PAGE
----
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Francis Bacon fever flares anew during spring auctions in NY

NEW YORK--Hype over Francis Bacon, whose work fetched a record price last year, is set to hit fever pitch when a new triptych goes under the hammer next week.

Traditional auctions at Christie's and Sotheby's get into gear Tuesday and Thursday with modern and impressionist art expected to fetch a total of US$1.9 billion, followed by ever more popular post-war contemporary the following week.

Christie's is forecasting total spring season sales of US$979 million, while Sotheby's is forecasting US$934.15 million — solid numbers that underscore the current strength of the fine art market today.

With greater numbers of buyers interested in works from the post-1945 era, attention once again is turning to Bacon, whose “Three Studies for a Portrait of John Edwards” (1984) will go on the block at Christie's May 13 for an estimated US$75 million.

It is a portrait of Bacon's close friend and confidant from the mid-1970s until the artist's death in 1992. Edwards, who died in 2003, was the sole heir to Bacon's paintings and properties.

Another Bacon triptych — composed of three panels or pieces — “Three Studies of Lucian Freud” sold for US$142.4 million in New York last year, smashing the world record for the most expensive piece of art ever auctioned.

That outdid the previous high of US$119.9 million for Edvard Munch's iconic “The Scream” set in May 2012.

The current Bacon-mania had yet another jaw-dropping day in February when his “Portrait of George Dyer Talking” sold for a dizzying US$70 million in London.

The triptych about to be on the block in New York was considered among his finest works, by Bacon himself.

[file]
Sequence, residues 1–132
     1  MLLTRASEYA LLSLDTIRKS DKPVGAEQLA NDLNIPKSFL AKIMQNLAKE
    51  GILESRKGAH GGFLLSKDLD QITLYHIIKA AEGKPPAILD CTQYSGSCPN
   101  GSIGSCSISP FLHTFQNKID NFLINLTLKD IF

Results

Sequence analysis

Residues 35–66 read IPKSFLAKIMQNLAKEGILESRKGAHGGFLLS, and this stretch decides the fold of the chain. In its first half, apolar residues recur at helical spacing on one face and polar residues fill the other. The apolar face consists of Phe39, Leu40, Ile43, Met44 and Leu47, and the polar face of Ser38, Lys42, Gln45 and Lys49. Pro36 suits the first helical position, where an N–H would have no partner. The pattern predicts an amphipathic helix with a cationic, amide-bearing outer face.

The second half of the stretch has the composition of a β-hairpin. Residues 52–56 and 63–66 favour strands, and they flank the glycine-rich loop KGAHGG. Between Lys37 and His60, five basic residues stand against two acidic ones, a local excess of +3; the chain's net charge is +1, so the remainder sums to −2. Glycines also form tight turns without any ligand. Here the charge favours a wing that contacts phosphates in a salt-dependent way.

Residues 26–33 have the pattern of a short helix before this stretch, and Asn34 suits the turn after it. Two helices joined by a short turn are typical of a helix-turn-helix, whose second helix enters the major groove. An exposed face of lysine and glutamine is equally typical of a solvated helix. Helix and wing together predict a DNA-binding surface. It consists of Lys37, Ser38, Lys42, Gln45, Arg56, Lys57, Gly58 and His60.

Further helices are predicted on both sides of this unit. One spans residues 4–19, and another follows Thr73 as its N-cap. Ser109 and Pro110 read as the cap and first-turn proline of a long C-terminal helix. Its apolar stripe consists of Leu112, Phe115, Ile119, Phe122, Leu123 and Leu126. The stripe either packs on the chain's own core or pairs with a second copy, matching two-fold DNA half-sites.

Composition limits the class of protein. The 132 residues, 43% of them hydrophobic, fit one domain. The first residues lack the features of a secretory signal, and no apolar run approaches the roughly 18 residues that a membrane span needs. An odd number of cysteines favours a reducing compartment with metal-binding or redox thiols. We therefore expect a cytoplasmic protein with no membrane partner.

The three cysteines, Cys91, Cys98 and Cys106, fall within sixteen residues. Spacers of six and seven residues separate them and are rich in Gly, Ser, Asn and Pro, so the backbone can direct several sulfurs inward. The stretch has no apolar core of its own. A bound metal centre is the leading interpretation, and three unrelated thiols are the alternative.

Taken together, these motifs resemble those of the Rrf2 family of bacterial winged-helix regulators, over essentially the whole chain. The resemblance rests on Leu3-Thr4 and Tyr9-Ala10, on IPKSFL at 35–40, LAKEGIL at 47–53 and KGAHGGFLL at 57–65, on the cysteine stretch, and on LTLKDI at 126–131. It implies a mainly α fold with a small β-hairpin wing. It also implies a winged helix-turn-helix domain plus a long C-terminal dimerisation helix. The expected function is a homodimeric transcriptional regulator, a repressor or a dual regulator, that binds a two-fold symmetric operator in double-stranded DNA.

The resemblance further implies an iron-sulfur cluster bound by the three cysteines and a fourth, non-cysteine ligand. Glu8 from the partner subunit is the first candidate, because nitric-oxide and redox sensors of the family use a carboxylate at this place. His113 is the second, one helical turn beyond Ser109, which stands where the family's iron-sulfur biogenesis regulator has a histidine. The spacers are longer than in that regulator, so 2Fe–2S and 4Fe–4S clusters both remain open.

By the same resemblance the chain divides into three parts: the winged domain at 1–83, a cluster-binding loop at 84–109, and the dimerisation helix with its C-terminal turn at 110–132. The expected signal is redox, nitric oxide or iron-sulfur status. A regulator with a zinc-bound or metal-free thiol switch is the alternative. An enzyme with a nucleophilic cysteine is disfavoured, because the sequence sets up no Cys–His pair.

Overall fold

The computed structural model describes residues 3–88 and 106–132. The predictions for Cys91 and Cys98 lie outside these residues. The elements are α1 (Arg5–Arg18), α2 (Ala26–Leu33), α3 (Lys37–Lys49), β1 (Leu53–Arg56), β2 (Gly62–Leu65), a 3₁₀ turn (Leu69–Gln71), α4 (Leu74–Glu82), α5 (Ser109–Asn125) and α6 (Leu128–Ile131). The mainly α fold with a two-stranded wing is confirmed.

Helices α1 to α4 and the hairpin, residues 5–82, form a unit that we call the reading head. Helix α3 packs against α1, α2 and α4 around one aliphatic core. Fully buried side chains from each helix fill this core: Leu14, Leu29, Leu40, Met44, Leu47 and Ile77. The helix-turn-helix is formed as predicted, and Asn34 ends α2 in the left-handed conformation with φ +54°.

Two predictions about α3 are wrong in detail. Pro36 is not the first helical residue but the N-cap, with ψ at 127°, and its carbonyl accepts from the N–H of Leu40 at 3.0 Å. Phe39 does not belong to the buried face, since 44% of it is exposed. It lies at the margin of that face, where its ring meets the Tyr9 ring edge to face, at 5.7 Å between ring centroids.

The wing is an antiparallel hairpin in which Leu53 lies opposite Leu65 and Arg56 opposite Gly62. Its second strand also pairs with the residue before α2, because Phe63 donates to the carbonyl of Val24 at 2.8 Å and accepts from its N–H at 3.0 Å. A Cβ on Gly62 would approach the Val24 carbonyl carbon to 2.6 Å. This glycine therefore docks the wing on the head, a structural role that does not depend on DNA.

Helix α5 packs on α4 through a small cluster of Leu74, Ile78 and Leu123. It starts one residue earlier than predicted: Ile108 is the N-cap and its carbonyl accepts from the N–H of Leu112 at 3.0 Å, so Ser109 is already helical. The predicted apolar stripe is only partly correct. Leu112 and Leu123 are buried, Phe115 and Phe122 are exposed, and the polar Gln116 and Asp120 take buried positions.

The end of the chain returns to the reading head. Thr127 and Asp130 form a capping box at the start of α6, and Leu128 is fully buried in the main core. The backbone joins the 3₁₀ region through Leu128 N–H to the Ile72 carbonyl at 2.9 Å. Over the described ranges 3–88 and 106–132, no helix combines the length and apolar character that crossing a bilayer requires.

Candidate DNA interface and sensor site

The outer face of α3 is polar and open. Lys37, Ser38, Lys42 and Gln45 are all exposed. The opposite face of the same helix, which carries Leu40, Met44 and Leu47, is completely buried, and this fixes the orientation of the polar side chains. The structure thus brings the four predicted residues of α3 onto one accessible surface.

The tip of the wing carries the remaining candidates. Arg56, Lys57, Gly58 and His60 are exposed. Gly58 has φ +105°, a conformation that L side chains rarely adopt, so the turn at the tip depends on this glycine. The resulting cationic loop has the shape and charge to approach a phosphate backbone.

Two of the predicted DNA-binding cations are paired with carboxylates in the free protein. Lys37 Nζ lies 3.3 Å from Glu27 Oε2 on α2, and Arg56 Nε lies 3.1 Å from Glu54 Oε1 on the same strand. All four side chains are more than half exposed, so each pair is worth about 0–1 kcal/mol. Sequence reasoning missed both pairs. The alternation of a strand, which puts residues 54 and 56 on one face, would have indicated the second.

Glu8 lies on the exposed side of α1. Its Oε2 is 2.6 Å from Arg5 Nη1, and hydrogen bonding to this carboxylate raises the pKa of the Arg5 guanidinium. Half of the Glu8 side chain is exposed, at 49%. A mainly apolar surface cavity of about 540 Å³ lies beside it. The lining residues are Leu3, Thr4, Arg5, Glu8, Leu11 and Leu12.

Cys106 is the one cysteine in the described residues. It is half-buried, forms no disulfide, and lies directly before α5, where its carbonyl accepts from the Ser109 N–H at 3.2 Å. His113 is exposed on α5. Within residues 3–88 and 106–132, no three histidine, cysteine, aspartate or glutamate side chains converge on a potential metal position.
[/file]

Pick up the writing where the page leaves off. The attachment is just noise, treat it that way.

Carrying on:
“This particular work portraits Bacon's most celebrated subject and really closest and most significant relationship with John Edwards,” said Christie's postwar and contemporary specialist Sara Friedlander.

“We are anticipating wonderful results for this work.”

Warhol: More than 15 Minutes

Christie's will have on offer three works by American artists expected to fetch about US$50 million each at its postwar and contemporary event: Andy Warhol's “Race Riot,” “Untitled” by Mark Rothko and “Black fire” by Barnett Newman.

Warhol's monumental “Silver Car Crash” (Double Disaster)” was sold in November for more then US$105 million — so his proverbial 15 minutes of (extreme) fame apparently are not over yet.

On Christie's heels, Sotheby's has some love for Warhol as well: it will sell his “Six Self Portraits” for an estimated US$25-35 million.

Also coming up on the Sotheby's May 14 postwar and contemporary block are the sculpture “Popeye” by American Jeff Koons, at about US$25 million, and the oil painting “Blau” by German Gerhard Richter. It too is expected to fetch US$25-35 million.

Monet, Picasso and Kandinsky

The New York spring auctions start off on a strong note Tuesday with the sale of Frenchman Claude Monet's oils “Nympheas” and Pablo Picasso's “Portrait de femme (Dora Maar)” — both expected to earn around US$35 million.

Also expected to fetch top dollar are Russian painter Wassily Kandinsky's “Strandszene” (US$16-22 million) and the bronze “Femme de Venise IV” by Swiss artist Alberto Giacometti (US$10-18 million).

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Sara Friedlander, Post-War and Contemporary Art expert, speaks in front of Francis Bacon's “Three Studies for a Portrait of John Edwards,” painted in 1984, on display on Friday, May 2.

(AFP

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